Box Lacrosse Explained

Box Lacrosse 101

Southern Box Lacrosse follows the FIL rules and regulations. Where appropriate and necessary, the FIL Rules may be adapted to fit the mission, goals, and objectives of the SBL league, players, coaches and referees. 

Indoor lacrosse combines the physical play of ice hockey with the high scoring, fast pace and play-making style of basketball. Indoor lacrosse is played inside the confines of a rink, with glass and rink boards intact known as the Box. The playing surfaces normally consists of a roller hockey tiled surface suitable for the fast-paced, up-and-down style of play.

Each team has five runners (forwards and defenseman) and a goaltender on the floor during the game. Each team can dress a maximum of sixteen players (fifteen runners and one goaltender) per game, and the players rotate on and off the floor in shifts, similar to ice hockey. The game consists of four quarters, each twelve minutes in length. A game that is tied at the end of regulation is decided in a sudden-death overtime. There are no tie games in indoor lacrosse.
 

  • Rosters: 16 man roster, each team dresses 16 players for games (15 runners and one goalie). A team shall be composed of six (6) players on the floor - 5 runners and one goalie;
  • Equipment: Players must wear a certain amount of specific equipment, including a lacrosse helmet with facemask, arm and shoulder pads, back/kidney pads and bicep guards. 
  • Time Format: Four 12-minute quarters; two minutes between quarters; 5 minute halftime;
  • Time Outs: Are forty five seconds long and each team gets one time-out per half.
  • Sudden Death Overtime: Games ending play with a tie score are decided by a sudden death overtime period. Play continues until a goal is scored, only one overtime period is played.
  • Face-Offs: To determine possessions at the start of each quarter and after every goal, players face their sticks at midfield with the ball between the heads of the sticks and no part of the stick on the white centre line.
  • Shot Clock: A 30-second clock begins (counting down) when a team assumes possession of the ball. The offensive team must put a shot on goal during that time or they will lose possession. If they do shoot on goal (without scoring) and recover possession of the ball (via rebound/loose ball recovery), the clock is reset for a new 30 seconds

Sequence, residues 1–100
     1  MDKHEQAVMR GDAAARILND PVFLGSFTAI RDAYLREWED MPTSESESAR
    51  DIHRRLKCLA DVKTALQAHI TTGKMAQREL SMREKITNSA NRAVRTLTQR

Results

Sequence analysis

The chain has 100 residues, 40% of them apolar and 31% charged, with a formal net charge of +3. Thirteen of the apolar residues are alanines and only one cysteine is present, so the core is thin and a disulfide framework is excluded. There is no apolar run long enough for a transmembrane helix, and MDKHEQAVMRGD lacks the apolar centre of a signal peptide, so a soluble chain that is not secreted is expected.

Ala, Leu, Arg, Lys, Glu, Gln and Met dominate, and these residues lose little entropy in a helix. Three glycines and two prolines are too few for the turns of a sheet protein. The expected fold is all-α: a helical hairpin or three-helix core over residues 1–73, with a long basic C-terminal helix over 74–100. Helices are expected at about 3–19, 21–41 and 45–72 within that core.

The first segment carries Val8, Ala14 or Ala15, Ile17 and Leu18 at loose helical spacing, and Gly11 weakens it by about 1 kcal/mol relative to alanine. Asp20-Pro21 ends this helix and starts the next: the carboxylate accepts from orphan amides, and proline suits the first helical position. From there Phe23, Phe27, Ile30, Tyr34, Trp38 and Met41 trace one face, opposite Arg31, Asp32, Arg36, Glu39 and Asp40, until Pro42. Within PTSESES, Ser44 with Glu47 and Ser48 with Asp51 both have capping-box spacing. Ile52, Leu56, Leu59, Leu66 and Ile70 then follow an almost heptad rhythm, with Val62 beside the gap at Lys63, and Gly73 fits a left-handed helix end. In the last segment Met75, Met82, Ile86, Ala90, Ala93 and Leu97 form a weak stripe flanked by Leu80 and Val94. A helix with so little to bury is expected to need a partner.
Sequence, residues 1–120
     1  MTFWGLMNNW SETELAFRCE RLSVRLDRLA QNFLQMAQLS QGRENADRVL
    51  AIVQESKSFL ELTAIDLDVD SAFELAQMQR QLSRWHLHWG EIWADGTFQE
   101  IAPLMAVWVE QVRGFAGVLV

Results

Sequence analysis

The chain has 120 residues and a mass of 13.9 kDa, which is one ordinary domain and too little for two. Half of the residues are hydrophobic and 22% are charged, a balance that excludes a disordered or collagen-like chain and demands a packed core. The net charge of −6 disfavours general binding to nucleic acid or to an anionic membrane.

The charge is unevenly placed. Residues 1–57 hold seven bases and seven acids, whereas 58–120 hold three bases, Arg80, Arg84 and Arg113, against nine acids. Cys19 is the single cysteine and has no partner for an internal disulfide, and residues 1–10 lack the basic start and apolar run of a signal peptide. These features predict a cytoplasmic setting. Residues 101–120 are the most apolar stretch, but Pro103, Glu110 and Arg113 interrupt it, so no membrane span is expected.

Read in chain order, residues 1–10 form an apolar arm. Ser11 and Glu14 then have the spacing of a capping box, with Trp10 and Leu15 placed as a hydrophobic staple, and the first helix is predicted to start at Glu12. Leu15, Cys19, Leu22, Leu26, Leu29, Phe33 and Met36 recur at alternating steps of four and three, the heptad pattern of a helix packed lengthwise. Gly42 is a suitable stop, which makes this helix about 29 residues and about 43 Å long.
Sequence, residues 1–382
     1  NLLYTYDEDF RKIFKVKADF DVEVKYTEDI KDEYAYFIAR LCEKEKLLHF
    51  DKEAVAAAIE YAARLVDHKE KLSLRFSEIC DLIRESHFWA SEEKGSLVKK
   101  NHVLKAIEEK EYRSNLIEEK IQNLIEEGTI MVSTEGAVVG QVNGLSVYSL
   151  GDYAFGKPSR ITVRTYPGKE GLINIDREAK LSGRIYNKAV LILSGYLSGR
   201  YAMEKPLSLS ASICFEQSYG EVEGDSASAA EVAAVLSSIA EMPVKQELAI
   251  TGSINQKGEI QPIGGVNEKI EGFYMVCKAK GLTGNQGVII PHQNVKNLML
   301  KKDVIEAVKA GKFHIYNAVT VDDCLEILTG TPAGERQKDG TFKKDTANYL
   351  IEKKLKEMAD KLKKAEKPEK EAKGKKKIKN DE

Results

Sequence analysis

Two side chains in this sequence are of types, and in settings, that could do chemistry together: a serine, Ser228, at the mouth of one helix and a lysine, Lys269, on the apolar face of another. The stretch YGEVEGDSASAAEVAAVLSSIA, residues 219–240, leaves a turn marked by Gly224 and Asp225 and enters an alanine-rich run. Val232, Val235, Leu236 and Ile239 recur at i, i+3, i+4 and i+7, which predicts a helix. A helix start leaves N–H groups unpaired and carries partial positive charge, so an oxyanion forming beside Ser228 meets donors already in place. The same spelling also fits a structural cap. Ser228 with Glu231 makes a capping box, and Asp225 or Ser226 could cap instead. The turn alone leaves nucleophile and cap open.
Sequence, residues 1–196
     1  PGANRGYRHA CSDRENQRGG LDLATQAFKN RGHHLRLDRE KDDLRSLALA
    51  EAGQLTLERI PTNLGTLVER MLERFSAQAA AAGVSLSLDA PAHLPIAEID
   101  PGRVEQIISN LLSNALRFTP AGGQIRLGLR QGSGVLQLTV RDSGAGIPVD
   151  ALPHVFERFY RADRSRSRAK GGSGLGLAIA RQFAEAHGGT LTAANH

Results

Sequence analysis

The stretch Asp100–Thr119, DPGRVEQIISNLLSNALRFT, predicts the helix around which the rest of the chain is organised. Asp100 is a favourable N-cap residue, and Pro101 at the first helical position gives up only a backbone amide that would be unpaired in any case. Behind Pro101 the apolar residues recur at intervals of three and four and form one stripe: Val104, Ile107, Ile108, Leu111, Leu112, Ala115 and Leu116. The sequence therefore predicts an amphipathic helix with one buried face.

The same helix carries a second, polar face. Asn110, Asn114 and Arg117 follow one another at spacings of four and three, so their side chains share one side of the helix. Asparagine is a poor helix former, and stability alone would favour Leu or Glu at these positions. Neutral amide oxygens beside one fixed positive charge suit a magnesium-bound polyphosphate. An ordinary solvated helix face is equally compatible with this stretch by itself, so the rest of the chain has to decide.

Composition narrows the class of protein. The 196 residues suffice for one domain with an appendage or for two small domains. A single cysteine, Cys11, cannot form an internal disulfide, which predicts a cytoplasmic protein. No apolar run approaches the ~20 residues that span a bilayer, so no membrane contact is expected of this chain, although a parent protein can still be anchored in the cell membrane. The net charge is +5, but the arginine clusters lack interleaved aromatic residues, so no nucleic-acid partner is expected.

• 10 Second Violation: Occurs when team on offense fails to advance the ball past midfield within 10 seconds after taking possession at their end.
  • Goals: are 4' (high) x 4'9" (wide). The circle around the goal known as the crease with a radius of 9'. An offensive player is not allowed to intentionally step into the crease area. Only the goalie can stand in this nine-foot radius with the ball. Shooters or their teammates can not stand on (or inside) the line or their goals won't count. Any violation of this rule will disallow the goal.
  • Crosscheck: An defensive strategy using the shaft of the stick to push on an opponent to force a missed or bad shot.
  • Offensive Pick: The legal interference by an offensive player from a set position on a defensive player who is trying to defend the ball carrier.
  • Body Check: Used to slow an opponent who has the ball; must be above the waist and below the neck.
  • Slow Whistle (Delayed Penalty): If a defending player commits a minor or major penalty against an opponent in possession of the ball where there is offensive momentum and the opponent doesn't lose possession, the official raises his hand and does not blow the whistle until a shot is taken, the 30-second shot clock expires, or a goal is scored or possession is lost.
  • Minor Penalty: Two minute penalty for infractions such as delay of game, elbowing, holding, illegal crosschecking, slashing, and tripping. On two minute personal fouls, the penalized player is released from the penalty box if a goal is scored before the expiration of the two minutes.
  • Major Penalty: Five minutes in the penalty box for infractions such as high sticking, boarding, face masking, fighting and spearing. On five minute major personal fouls, the penalized player stays in the box for the duration of the penalty, though the offending team returns to full strength if two goals are scored against them during the five minutes. When a second major penalty is imposed on the same player in a game, an automatic game misconduct penalty shall be imposed.
  • Penalty Box: Where a player goes to sit while serving a two and/or five minute penalty.
  • Power Play: When a team has an extra man advantage because the other team has at least one player in the penalty box.
  • Shorthanded: When a team has one or more players in the penalty box and the opponent is at full-strength, or has more players on the floor.
  • Loss of Possession: Illegal screens, 30 second shot clock violation, 10 second half court violation, loose ball push, and illegal procedure during faceoffs are among the acts that can cause a team to lose possession of the ball.
  • Use of Penalty Shot: Since a team cannot be more than two men down at a time, if a third penalty is called, the official will award a penalty shot to the non-offending team.
  • Ejection from Game: Players can be ejected from a game for several reasons including being the third man participating in a fight or accumulating two major penalties in one game.
  • Coincidental Penalties: When each team is given the same amount of penalty time arising out of the same incident, the offending players shall not be released until the expiration of the penalty. Teams do not lose floor strength, and the ball is awarded to the team who was in possession prior to the fouls. 

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